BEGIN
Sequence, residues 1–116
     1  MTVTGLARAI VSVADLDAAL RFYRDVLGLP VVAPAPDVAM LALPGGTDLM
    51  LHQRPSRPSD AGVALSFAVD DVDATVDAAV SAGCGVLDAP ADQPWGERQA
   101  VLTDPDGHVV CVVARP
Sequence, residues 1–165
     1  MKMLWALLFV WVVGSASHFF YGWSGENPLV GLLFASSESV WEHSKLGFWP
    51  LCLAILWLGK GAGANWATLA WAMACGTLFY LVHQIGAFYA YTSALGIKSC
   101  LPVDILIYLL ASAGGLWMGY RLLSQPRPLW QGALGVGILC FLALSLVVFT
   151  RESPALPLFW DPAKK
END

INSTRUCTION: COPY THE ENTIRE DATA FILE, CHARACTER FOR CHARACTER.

Sequence, residues 1–116
     1  MTVTGLARAI VSVADLDAAL RFYRDVLGLP VVAPAPDVAM LALPGGTDLM
    51  LHQRPSRPSD AGVALSFAVD DVDATVDAAV SAGCGVLDAP ADQPWGERQA
   101  VLTDPDGHVV CVVARP
Sequence, residues 1–165
     1  MKMLWALLFV WVVGSASHFF YGWSGENPLV GLLFASSESV WEHSKLGFWP
    51  LCLAILWLGK GAGANWATLA WAMACGTLFY LVHQIGAFYA YTSALGIKSC
   101  LPVDILIYLL ASAGGLWMGY RLLSQPRPLW QGALGVGILC FLALSLVVFT
   151  RESPALPLFW DPAKK